Question 1 – True or False – In a scientific study from the University of Calgary, elite goalies watch the body of the shooters just before the shot is being released. (1 Point for Correct Answer)
Answer – False. scientists (sweet job) found elite goalies focused directly on the puck a full second before release 75% of the time. Looking at the body of shooters was only 2% of the time. Watch the puck!!!
Question 2 – Steve McKichan’s article, “Top Ten Reasons for Goaltending Success” was posted on the blog. True or False – McKichan believes as long as you are working harder than any goalie you know, that is working hard enough? (1 Point for correct answer). 2b. True or False – McKichan believes goalies need to practice on both their weaknesses and skills they have already mastered? (1 Point for correct answer)
Answer– A two-part question with each answer receiving one point for being correct. First, any goalie who thinks he is working hard enough comparing himself to those he knows does not see the whole picture therefore the answer is FALSE. As my own father would be happy to point out, regardless of how hard I was working on becoming better, “someone somewhere is working harder than you for the same things you want.” Although drove me crazy growing-up, his words were wise for life in addition to hockey. The second part is TRUE. Obviously goalies need to work on weaknesses BUT they can never stop working on skills already “mastered.” Otherwise, the once mastered skills can become weaknesses….
Question 3 – Sports psychologist Adam Naylor suggests methods to increase and decrease energy level in the crease. Name two methods to increase and two to decrease energy
Answer – In the video Adam Naylor suggests ways to increase and decrease energy for a goalie to find the optimal energy during a game. To increase, Naylor suggests the goalie should “get moving” and “get aggressive” and to decrease, “slow down” movements and “breathe deeply.
Question 4 – Like Blackhawks goalie Antti Niemi, “successful goalies constantly have to adjust to the circumstance, but, unless they have the ____________, they will fall short.” (1 Total Point for Correct Answer)
Answer – Will to Win
Question 5 – Anxiety is feelings of nervousness, worry and apprehension and is common in goalies. Name one reason you, as a goalie, feel anxiety during (or before) a game. What, according to a blog article, two things could you do to control the anxiety? (3 points total with 1 point for reason for personal anxiety and 1 point each for anxiety controls)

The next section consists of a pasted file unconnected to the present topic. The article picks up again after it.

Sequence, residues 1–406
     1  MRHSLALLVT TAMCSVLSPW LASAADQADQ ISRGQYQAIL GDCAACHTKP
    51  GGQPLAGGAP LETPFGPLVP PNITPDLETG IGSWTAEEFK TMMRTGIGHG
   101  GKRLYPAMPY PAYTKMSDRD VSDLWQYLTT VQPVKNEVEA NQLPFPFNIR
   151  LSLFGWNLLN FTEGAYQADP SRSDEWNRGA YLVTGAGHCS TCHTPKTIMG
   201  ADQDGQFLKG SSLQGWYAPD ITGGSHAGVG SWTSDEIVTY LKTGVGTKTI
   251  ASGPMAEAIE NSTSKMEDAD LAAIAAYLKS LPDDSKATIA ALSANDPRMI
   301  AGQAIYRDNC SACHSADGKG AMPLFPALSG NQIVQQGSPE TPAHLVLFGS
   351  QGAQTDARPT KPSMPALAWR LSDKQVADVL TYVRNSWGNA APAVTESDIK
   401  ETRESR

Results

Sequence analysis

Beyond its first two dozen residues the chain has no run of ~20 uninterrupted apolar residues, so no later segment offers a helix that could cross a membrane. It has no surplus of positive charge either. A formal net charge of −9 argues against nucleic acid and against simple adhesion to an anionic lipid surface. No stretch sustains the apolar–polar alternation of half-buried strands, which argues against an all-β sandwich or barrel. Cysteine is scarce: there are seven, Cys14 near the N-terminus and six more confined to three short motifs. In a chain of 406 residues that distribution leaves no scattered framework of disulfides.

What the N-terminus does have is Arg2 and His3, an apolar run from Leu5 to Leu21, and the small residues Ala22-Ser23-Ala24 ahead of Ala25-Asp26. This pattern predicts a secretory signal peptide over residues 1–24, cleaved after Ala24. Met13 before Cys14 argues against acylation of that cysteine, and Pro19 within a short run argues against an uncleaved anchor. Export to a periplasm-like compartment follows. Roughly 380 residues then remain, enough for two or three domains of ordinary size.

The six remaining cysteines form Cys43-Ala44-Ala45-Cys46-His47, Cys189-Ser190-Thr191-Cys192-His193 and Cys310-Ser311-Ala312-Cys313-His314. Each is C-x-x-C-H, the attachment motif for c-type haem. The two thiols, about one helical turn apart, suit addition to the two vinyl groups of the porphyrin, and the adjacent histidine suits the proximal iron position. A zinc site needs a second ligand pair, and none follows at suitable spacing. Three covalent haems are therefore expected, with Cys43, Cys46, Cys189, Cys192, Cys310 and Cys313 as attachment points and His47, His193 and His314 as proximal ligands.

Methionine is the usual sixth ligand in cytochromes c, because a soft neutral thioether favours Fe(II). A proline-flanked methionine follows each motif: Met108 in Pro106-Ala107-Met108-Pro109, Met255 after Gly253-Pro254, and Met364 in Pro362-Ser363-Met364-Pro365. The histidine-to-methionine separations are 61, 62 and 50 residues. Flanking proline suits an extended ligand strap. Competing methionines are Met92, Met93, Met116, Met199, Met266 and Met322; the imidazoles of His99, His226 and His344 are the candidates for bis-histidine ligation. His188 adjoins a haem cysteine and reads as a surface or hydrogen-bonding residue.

Answer – Of the three available points for this question, simply stating a reason for anxiety while in net (or before a game) awarded the goalie one point. It is useful (actually necessary) for goalies to understand what creates anxiety so they can begin to deal effectively with it so their play can improve. As for the two suggestions from the blog to control anxiety (each worth one point), these are tensing/relaxing muscles and breathing (can we stress the importance of breathing in excelling in sports??).
Question 6 – In a post on the blog featuring Red Wings goalie Chris Osgood, it quotes Osgood stating, “”I was always prepared and made sure I was, so, when I got the call I didn’t second guess myself” in reference to his hard work at practices while serving as the team’s back-up. Osgood went on that year to replace Dominik Hasek as the team’s starter in the second round of the Stanley Cup playoffs and lead the team to winning the Cup (2008). In the article featuring Osgood’s quote, it states why so many goalies in the back-up role never become the team’s starting goalie. What is the reason (1 Point for Correct Answer)
Answer – Many back-up goalies never become starters because they are convinced they’re getting a raw deal from the coach and/or team. Too many goalies can’t see the entire picture of what is going on or are afraid to really take a deep look into their performance and situation and just assume the coach is out to get them.